highly influential yet often contested no- are critical in many places where these 2016).
tion of ecosystem services, incorporating systems are being eroded through rapid
a number of interdisciplinary insights and industrialization.
We acknowledge the following experts participating in IPBES
tools. Most of them were called for during These examples illustrate how the inter- assessments: C. Anderson, P. Balvanera, B. Baptiste, N. Bennas, F.
the past decade (9, 10, 12, 14) but only now weaving of epistemologically diverse lines Berkes, M. Carneiro da Cunha, C. Chenu, M.-C. Cornier-Salem, B.
are enshrined explicitly in an environmen- of evidence (14) about specific subjects can Czúcz, P. Elias, B. Erasmus, S. Fennessy, J. Fisher, C. Fürst, S. Jacobs,
O. Osano, D. Pacheco, M. Potts, S. Preston, A. Purvis, A. Rajwanshi,
tal assessment framework. result in richer solutions for people and na- J. Rice, M. Rosales-Benites, C. S. Seixas, M. Solan, J. Tassin, W.
The implementation of the NCP approach ture, even within the context of large-scale Townsend, G. von Maltitz, T. Yahara, C.-Y. Yao, and Y.-C. Youn. We
and its reporting categories (tables S1 and S2) assessments. But regardless of the outcomes thank C. Broshi, M. Colloff, H. T. Ngo, and D. Singer for useful input
during the development of this work; V. Falczuk for help with the
is still in its infancy and is expected to be fully of the assessments, the consideration of dif- bibliography; and Y. Estrada for preparing the figures. S.D. was
fledged only in the IPBES Global Assessment, ferent knowledge systems—and the fact that partially supported by the Consejo Nacional de Investigaciones
but the NCP approach is already changing as- generalizing, context-specific, and mixed Científicas y Técnicas, Universidad Nacional de Córdoba, and
Fondo para la Investigación Científica y Tecnológica. U.P. was sup-
sessment procedures and their outcomes. For perspectives are considered as equally use-
ported by the Basque Foundation for Science, IKERBASQUE.
example, the ongoing IPBES regional assess- ful—matters in terms of making IPBES pro-
ments include an unprecedented effort to tap cedures and outcomes more equitable. This SUPP LEMENTARY MATE RIA LS
indigenous and local knowledge, from the should help overcome existing power asym- www.sciencemag.org/content/359/6373/270/suppl/DC1
literature and also from dialogues with indig- metries between western science and in-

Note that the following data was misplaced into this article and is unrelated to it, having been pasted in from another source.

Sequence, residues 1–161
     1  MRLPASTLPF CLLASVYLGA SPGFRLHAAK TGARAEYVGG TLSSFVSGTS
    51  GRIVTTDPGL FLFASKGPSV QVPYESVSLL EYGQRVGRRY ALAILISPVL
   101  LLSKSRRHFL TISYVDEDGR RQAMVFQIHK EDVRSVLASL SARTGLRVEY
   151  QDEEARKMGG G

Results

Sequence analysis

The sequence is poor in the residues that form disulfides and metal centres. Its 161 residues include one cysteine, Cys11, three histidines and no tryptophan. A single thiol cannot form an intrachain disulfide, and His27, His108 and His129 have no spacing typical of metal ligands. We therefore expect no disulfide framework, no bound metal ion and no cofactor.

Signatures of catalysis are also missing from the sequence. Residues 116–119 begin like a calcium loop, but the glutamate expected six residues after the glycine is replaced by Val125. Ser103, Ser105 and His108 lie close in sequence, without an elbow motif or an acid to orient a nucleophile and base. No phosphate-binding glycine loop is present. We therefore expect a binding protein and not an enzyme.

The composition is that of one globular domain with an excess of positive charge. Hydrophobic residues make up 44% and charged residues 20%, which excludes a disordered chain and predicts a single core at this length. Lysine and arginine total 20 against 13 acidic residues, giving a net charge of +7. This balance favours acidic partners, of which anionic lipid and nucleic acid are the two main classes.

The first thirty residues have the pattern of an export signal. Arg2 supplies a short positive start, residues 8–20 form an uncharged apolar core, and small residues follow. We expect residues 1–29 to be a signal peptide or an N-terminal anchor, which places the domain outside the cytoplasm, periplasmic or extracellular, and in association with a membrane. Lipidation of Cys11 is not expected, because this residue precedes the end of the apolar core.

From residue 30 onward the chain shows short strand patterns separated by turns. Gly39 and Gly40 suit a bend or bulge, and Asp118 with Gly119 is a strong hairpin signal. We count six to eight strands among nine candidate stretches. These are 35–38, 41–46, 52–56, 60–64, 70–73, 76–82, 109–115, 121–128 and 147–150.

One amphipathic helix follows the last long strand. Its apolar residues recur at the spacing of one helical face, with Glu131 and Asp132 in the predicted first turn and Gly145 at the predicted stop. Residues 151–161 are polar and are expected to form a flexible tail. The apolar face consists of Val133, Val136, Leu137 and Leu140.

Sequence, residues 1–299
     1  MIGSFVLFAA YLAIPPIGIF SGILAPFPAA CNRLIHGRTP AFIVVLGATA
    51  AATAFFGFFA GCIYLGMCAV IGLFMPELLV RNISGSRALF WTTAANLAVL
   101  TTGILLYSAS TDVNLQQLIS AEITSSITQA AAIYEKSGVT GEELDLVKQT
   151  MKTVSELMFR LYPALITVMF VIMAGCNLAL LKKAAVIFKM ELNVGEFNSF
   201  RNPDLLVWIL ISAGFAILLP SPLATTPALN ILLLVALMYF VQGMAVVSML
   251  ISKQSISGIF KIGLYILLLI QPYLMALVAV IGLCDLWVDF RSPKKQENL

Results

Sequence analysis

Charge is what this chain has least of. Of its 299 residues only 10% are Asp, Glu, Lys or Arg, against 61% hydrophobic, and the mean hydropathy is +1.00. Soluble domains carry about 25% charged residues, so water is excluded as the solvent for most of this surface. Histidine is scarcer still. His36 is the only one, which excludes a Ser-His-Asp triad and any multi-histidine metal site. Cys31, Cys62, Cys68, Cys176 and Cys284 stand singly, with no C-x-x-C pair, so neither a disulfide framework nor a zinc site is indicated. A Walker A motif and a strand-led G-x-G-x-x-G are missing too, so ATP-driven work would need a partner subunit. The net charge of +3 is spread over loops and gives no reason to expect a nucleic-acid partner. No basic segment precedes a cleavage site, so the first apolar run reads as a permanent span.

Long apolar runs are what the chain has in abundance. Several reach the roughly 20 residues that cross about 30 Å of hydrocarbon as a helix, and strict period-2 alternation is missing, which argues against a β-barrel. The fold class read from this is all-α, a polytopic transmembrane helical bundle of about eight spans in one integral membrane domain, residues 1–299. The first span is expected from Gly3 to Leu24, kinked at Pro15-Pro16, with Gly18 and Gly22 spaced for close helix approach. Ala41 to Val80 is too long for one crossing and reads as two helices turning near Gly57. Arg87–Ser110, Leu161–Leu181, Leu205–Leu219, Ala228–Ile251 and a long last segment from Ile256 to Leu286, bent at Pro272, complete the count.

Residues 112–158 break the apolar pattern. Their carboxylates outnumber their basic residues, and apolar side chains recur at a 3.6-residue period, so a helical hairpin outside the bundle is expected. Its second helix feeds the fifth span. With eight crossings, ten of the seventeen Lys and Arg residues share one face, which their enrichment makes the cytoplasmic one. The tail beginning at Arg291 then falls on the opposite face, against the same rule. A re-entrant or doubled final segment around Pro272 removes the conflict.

enous and local knowledge-holders, to which digenous and local knowledge, and among 10.1126/science.aap8826

272 19 JANUARY 2018 • VOL 359 ISSUE 6373 sciencemag.org SCIENCE

Published by AAAS
Assessing nature's contributions to people
Sandra Díaz, Unai Pascual, Marie Stenseke, Berta Martín-López, Robert T. Watson, Zsolt Molnár, Rosemary Hill, Kai M. A.
Chan, Ivar A. Baste, Kate A. Brauman, Stephen Polasky, Andrew Church, Mark Lonsdale, Anne Larigauderie, Paul W.
Leadley, Alexander P. E. van Oudenhoven, Felice van der Plaat, Matthias Schröter, Sandra Lavorel, Yildiz
Aumeeruddy-Thomas, Elena Bukvareva, Kirsten Davies, Sebsebe Demissew, Gunay Erpul, Pierre Failler, Carlos A. Guerra,
Chad L. Hewitt, Hans Keune, Sarah Lindley and Yoshihisa Shirayama

Science 359 (6373), 270-272.

DOI: 10.1126/science.aap8826

Downloaded from http://science.sciencemag.org/ on January 18, 2018

ARTICLE TOOLS http://science.sciencemag.org/content/359/6373/270

SUPPLEMENTARY http://science.sciencemag.org/content/suppl/2018/01/18/359.6373.270.DC1

PERMISSIONS http://www.sciencemag.org/help/reprints-and-permissions

Use of this article is subject to the Terms of Service

Science (print ISSN 0036-8075; online ISSN 1095-9203) is published by the American Association for the Advancement of
Science, 1200 New York Avenue NW, Washington, DC 20005. 2017 © The Authors, some rights reserved; exclusive
licensee American Association for the Advancement of Science. No claim to original U.S. Government Works. The title
Science is a registered trademark of AAAS.